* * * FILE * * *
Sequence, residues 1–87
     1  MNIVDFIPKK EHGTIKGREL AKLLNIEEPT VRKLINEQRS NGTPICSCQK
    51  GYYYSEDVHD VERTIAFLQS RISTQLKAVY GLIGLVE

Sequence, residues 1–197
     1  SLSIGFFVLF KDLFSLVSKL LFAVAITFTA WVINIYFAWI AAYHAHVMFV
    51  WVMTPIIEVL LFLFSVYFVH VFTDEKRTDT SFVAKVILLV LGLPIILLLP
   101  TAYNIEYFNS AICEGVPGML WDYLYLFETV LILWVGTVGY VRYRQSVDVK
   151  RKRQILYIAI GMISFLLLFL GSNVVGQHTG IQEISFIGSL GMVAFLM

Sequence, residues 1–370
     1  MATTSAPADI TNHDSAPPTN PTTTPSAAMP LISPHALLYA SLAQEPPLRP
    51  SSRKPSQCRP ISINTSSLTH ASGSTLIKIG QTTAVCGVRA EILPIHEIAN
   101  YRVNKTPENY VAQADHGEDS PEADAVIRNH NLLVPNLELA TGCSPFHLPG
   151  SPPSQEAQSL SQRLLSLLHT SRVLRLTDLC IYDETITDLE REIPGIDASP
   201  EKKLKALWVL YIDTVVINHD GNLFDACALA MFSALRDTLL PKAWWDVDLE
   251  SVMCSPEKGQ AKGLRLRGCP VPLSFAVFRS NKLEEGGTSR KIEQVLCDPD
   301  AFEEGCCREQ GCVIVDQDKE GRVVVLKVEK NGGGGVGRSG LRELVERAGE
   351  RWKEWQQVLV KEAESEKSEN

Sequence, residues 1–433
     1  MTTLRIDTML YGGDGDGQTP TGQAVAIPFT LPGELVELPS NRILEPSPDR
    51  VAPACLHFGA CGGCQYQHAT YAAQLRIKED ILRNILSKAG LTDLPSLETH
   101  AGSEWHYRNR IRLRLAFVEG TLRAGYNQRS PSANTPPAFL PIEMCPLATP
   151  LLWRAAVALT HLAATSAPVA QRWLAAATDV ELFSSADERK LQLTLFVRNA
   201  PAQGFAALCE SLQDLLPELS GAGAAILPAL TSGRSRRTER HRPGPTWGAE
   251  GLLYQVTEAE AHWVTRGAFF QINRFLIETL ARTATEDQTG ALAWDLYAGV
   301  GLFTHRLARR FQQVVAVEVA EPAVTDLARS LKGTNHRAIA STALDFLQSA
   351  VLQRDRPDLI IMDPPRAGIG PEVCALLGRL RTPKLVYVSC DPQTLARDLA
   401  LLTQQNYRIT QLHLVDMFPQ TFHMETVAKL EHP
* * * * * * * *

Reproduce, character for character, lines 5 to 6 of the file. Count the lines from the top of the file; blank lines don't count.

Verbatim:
     1  SLSIGFFVLF KDLFSLVSKL LFAVAITFTA WVINIYFAWI AAYHAHVMFV
    51  WVMTPIIEVL LFLFSVYFVH VFTDEKRTDT SFVAKVILLV LGLPIILLLP